Written by Extra Help Hourly Savannah Adams; research and editing by Graduate Assistant in Newspaper Digitization and Conservation Hourly Katie Poland
Original Battle/Parade Flag of Abraham Lincoln Battalion
The Oak Street Library Facilities Conservation unit has been tasked with the stabilization, cleaning, and safekeeping of the Original Battle and Parade Flag of the Abraham Lincoln Battalion. The flag, sized at 88cm x 107cm, is inscribed in black pen and ink and/or paint, and blue pen and ink. Made from a semi-sheer textile in red, white, and blue, the flag has many small tears, holes, abrasions, discoloration/soiling and general signs of use. However, it is stable overall. Oak Street Library Facility Conservator, Jody Waitzman, treated the flag by vacuuming the item through a screen to reduce surface dirt and dust (see image) and rehoused for rolled storage in an acid-free, preservation-grade box.
Spanish Civil War and the Abraham Lincoln Battalion (1936 – 1939)
In the decades leading up to the Spanish Civil War, tension between the Republican government of Spain and the Nationalist faction, led by General Francisco Franco, steadily increased. After General Franco’s failed attempt at a military coup in order to gain control of the country, the nation was thrust into a bloody, 3-year long Civil War. The Nationalists, or rebels, were backed by Fascist Italy and Nazi Germany. In opposition, the Republican government received aid from the Soviet Union, as well as International Brigades.
Within the International Brigades, military units were composed of volunteers from Europe and the United States. The Lincoln Battalion was formed by a group of volunteers from the United States who served in the Spanish Civil War as soldiers, technicians, medical personnel and aviators. The American Battalion stood for Spanish Republican forces and against that of General Franco and his Nationalist faction. Of the approximately 3,015 volunteers from the US, 681 were killed in action or died of wounds or sickness.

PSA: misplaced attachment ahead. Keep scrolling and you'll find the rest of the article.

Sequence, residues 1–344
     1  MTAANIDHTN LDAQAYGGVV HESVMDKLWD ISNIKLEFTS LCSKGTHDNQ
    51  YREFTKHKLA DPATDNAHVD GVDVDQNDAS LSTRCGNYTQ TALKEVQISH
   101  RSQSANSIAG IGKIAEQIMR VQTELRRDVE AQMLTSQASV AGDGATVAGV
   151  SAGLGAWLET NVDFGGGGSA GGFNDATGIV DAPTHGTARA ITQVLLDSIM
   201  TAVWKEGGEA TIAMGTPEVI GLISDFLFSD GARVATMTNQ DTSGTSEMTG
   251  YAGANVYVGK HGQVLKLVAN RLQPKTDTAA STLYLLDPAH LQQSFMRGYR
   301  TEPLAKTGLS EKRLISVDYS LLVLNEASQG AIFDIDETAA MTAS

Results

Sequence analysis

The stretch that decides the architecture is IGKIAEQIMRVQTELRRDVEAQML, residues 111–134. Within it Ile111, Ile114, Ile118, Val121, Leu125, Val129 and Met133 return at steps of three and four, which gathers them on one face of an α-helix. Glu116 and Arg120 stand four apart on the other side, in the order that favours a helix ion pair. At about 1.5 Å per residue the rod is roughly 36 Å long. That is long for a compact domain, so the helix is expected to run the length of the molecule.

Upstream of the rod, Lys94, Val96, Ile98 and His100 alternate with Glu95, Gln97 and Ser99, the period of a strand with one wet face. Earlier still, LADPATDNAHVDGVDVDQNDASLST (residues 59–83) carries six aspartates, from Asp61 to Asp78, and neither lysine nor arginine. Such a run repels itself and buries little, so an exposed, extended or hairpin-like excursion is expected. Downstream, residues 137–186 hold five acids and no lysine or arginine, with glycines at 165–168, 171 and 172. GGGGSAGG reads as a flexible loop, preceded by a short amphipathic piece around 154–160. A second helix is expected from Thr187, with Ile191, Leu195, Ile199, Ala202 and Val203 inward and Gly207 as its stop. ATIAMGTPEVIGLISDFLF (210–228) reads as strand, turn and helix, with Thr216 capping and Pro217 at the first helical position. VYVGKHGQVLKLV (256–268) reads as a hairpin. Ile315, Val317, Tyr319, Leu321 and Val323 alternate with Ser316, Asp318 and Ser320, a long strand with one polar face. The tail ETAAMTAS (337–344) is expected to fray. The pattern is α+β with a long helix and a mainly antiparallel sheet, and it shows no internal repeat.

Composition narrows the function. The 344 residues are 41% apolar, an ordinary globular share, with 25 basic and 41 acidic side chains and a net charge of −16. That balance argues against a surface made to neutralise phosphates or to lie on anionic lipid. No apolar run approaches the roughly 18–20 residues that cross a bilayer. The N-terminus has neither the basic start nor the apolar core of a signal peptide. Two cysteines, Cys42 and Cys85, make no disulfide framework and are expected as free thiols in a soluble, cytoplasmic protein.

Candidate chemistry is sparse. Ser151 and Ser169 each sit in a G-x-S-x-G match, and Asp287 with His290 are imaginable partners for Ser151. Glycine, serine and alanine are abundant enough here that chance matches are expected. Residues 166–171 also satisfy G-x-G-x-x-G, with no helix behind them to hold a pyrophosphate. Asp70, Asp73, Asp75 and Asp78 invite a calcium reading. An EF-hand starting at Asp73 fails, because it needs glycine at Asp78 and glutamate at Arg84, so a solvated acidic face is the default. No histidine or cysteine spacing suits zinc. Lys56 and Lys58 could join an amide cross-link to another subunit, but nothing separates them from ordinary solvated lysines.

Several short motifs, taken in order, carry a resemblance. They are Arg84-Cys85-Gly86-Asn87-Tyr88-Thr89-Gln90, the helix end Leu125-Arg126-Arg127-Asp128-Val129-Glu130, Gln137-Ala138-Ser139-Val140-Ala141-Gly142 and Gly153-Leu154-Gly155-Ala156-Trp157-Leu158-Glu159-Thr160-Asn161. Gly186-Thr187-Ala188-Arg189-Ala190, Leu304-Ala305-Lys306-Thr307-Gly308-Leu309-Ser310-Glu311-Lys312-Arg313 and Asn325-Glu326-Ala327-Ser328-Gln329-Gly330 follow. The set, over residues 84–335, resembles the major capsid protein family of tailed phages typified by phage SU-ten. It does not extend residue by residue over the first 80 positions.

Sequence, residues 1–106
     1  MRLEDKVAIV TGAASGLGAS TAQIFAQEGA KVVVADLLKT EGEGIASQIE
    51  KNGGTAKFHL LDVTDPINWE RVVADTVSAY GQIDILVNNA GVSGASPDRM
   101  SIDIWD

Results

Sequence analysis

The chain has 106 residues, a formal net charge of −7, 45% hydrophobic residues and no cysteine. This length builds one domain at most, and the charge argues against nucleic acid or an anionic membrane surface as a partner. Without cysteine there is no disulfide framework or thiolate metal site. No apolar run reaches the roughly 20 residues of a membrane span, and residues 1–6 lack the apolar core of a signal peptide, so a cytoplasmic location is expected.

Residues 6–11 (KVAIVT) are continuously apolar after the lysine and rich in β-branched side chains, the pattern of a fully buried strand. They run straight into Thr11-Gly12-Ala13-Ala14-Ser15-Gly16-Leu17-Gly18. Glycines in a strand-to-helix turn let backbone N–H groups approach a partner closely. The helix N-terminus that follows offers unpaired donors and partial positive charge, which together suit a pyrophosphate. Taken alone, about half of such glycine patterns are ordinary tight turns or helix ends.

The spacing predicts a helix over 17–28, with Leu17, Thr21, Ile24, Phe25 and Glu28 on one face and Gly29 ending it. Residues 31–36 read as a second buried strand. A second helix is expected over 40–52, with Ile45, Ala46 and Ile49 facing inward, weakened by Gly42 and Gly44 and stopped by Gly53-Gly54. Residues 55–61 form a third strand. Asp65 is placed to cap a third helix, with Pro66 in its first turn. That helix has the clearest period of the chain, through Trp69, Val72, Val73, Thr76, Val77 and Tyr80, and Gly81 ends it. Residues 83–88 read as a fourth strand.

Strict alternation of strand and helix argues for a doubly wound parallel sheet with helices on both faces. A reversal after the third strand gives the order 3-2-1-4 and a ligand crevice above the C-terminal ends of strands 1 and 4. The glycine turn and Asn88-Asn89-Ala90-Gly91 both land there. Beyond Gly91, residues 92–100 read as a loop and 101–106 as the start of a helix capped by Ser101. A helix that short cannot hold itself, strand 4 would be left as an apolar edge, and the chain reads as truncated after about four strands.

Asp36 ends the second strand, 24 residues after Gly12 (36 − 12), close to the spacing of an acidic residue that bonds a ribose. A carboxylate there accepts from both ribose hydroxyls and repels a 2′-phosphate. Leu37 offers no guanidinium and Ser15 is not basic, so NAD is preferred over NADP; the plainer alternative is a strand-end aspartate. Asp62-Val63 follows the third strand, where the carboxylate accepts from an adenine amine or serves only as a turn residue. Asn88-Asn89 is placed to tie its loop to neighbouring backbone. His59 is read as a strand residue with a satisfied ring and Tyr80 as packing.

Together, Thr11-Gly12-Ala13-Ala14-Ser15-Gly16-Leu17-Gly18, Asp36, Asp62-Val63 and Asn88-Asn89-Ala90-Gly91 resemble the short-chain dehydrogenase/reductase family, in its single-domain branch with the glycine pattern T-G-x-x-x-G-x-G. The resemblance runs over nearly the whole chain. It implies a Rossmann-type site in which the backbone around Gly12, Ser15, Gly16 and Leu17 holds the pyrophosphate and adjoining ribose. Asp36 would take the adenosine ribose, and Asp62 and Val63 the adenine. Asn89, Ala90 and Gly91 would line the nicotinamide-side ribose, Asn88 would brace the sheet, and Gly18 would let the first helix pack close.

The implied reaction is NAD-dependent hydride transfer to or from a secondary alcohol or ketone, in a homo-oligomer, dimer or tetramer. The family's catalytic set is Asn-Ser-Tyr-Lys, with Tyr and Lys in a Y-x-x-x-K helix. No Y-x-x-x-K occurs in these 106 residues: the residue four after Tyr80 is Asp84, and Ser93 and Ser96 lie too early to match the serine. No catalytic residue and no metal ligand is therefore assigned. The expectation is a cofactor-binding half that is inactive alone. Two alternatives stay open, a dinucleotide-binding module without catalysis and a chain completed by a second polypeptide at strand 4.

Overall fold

Inscription on flag:
JARAMA – BRUNET
What these battles signified:
Jarama – Brunet: The battle of Jarama took place February 6-27, 1937. This twenty-one day battle was an attempt by General Franco’s Nationalists to dislodge the Republican lines along the Jarama river, just east of Madrid.
Pingarrón Hill: Also known as “Suicide Hill,” the battle on Pingarrón Hill took place on February 12-13, 1937. The flag’s inscription recalls the place in which Spanish soldier, statesman, and member of the Nationalist faction, Carlos Asensio’s troops took the Pingarrón hills in the hopes of claiming the high ground. Unfortunately, this battle resulted in one of the deadliest fights of the Spanish Civil War.
Aragon Quinto: The Aragon Offensive was a salient military campaign launched by the Nationalist faction after the Battle of Teruel (see below). The offensive ran from March 7 – April 19, 1938, and overran Republican forces in Aragon, parts of Catalonia, and the Levante (the eastern region of the Iberian Peninsula) of Spain.
Ebro River: The longest and largest battle of the Spanish Civil War, Batalla del Ebro, took place between July through November of 1938. The fighting took place mainly in two areas on the lower region of the Ebro River: the Terra Alta comarca of Catalonia, and the Auts area by Fayón in Aragon. The battle was extremely deadly, with tens of thousands of Repubican soldiers left dead and wounded. However, the outcome had little effect in the advancement of the Nationalists.
Mosquito Ridge – Tureul: Coincidentally taking place during the worst winter Spain had seen in 20 years, The Battle of Teruel occured between December 1937 – February 1938. The battle proved to be one of the bloodiest the war had endured. The city of Tureul, initially held by the Nationalists at the start of the battle, would be taken over by the Republicans, and then eventually be retaken by the Nationalists. By the end, both parties suffered over 140,000 casualties throughout the two-month long battle.
Hill 666: On 2 October the Nationalists occupied the heights of Lavall and two weeks later Point 666, the key of the Pandols Range. Plaque Hill 666 in the Serres de Pandols-Cavalls signifies and commemorates the deadly battle at this location by the International Brigades during the Battle of the Ebro.